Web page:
BMW and Apple might rekindle a courtship put on hold after an exploratory visit by executives of the world’s top maker of electronic gadgets to the headquarters of the word’s biggest seller of premium cars.
Apple chief executive officer Tim Cook went to BMW’s headquarters last year and senior Apple executives toured the carmaker’s Leipzig factory to learn how it manufactures the i3 electric car, two sources familiar with the talks said.
The dialogue ended without conclusion because Apple appears to want to explore developing a passenger car on its own, one of the sources said.
Also, BMW is being cautious about sharing its manufacturing know-how because it wants to avoid becoming a mere supplier to a software or Internet giant.
During the visit, Apple executives asked BMW board members detailed questions about tooling and production and BMW executives signaled readiness to license parts, one of the sources said. News of the Leipzig visit first emerged in Germany’s Manager-Magazin last week.
“Apple executives were impressed with the fact that we abandoned traditional approaches to car making and started afresh. It chimed with the way they do things too,” a senior BMW source said.
The carmaker says there are currently no talks with Apple about jointly developing a passenger car and Apple declined to comment. However, one of the sources said exploratory talks between senior managers may be revived at a later stage.
It is too early to say whether this is set to be a replay of Silicon Valley’s Prometheus moment: The day in 1979 when Apple cofounder Steve Jobs visited Xerox’s Palo Alto Research Center where the first mouse-driven graphical user interface and bit-mapped graphics were created, and walked out with crucial ideas to launch the Macintosh computer five years later.
BMW has realized next-generation vehicles cannot be built without more input from telecom and software experts, and Apple has been studying how to make a self-driving electric car as it seeks new market opportunities beyond phones.
Since the visit, there has been a reshuffle at the top of BMW, with BMW chief executive officer Harald Krueger — who was appointed in May — in favor of establishing his own team and implementing his plans for BMW by the end of the year, a person familiar with his thinking told Reuters.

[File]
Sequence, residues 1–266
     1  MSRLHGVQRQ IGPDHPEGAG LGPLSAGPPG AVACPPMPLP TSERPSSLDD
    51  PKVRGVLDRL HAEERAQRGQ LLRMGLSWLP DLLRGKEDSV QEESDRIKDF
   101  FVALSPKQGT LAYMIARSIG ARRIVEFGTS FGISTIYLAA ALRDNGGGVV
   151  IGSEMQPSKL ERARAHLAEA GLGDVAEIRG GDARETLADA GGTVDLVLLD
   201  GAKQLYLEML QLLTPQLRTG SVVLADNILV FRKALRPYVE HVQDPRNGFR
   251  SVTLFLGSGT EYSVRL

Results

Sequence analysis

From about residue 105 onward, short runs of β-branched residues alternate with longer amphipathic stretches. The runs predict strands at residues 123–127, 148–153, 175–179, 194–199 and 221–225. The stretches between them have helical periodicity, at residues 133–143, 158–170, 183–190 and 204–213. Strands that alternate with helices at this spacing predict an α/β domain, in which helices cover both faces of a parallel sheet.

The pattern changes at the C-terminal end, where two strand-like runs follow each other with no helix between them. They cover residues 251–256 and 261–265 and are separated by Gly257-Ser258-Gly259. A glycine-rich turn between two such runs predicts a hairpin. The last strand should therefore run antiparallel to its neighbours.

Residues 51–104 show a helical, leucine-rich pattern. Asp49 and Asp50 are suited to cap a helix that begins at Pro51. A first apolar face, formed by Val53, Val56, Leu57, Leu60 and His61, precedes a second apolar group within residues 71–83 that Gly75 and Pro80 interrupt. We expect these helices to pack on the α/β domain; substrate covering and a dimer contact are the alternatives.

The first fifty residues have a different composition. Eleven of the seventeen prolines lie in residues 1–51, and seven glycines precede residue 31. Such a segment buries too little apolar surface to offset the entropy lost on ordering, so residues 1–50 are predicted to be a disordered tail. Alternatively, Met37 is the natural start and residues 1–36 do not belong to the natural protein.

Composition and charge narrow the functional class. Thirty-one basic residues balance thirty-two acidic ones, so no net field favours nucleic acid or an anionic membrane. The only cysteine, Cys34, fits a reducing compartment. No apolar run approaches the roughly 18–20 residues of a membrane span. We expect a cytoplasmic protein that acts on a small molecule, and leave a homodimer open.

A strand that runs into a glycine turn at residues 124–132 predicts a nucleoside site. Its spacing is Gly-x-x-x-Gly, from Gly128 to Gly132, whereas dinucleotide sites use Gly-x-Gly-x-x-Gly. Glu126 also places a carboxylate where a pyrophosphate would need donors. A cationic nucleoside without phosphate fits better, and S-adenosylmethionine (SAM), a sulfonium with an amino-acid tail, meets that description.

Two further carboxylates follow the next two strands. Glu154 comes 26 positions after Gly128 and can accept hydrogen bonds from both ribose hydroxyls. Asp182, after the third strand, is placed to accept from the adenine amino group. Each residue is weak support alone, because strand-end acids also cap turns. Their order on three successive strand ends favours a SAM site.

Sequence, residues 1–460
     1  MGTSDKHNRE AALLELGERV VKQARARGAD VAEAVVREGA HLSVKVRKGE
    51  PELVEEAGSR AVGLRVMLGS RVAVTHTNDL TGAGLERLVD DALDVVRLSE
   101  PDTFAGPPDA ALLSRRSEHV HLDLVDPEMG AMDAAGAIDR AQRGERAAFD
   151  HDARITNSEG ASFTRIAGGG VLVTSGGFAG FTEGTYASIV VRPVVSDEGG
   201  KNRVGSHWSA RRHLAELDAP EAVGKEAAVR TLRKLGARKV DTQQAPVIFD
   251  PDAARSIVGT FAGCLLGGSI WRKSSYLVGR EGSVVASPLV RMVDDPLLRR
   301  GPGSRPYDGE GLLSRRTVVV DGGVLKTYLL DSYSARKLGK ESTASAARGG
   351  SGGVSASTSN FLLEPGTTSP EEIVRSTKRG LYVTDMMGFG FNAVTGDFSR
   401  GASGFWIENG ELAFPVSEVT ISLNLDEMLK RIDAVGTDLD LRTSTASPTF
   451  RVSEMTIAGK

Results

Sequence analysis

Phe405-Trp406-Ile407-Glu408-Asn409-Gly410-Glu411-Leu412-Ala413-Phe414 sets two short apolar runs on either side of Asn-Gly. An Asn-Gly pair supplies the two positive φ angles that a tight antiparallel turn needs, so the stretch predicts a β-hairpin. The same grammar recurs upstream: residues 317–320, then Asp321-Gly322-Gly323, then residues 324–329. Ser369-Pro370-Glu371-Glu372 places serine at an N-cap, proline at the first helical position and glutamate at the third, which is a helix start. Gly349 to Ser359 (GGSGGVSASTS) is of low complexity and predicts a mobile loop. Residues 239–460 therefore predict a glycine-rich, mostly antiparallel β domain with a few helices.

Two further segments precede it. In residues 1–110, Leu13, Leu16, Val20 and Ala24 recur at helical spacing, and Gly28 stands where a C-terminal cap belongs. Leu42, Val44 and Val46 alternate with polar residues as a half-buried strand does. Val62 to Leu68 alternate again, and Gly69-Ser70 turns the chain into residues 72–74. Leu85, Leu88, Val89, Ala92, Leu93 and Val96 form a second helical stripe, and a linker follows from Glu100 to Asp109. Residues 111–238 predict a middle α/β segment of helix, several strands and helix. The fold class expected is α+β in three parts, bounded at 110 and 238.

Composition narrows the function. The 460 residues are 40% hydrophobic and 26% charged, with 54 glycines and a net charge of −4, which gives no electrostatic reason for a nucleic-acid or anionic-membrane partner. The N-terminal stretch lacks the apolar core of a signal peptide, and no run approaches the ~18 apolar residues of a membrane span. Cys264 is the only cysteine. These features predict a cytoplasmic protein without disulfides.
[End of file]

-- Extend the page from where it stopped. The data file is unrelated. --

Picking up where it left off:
A further complication was the departure of BMW’s board member for development Herbert Diess, who played a leading role in initial discussions with Apple. He is a now a member of the board at Volkswagen AG.
Diess, who declined offers to comment, oversaw the development of BMW’s “i” vehicles which are built using light weight carbon fiber, using a radical approach to design and manufacturing.
Car technology has become a prime area of interest for Silicon Valley companies ranging from Google Inc, which has built a prototype self-driving car, to electric car-maker Tesla Motors Inc.
Diess has said the German auto industry needs to undergo radical change because consumers are demanding more intelligent cars and anti-pollution rules mean the next generation vehicles will increasingly be low emission electric and hybrid variants.
In 2030, only two generations of new cars away in auto manufacturing time scales, only a third of vehicles are set to be powered by a conventional combustion engine alone, experts predict.
“It means that in two cycles we will shut down two thirds of our engine manufacturing,” Diess told a panel discussion in July last year, adding that the value chain for new electric cars is already shifting, with vehicle batteries made mainly in Asia.
“The second part is that the car will become intelligent, part of the Internet,” Diess said. “The strong players in this area are in the US, in the software development area. We will surely need to find alliances in this field.”
Germany has two years to prove that it can hold its own against new entrants when it comes to shaping the future of luxury vehicles, Diess said.
Carmakers including BMW have already developed next generation self-driving cars, vehicles which need permanent software updates in the form of high-definition maps allowing a car to recalculate a route if it learns about an accident ahead.
The technology is moving ahead faster than the legal and regulatory rules which would allow large-scale commercial availability.
Earlier this year, BMW research and development chief Klaus Froehlich said his company and Apple had much in common, including a focus on premium branding, an emphasis on evolving products and a sense of aesthetically pleasing design.
Asked, in general terms, whether a deeper collaboration beyond integration of products like the iPhone would make sense, Froehlich initially said BMW would not consider any deal that forces it to open up its core know-how to outsiders.
“We do not collaborate to open our ecosystems but we find ways, because we respect each other,” Froehlich said.
BMW would keep in mind the needs of the customer, and what the company’s core strengths are, when it considers the merits of entering any strategic collaboration, Froehlich added.
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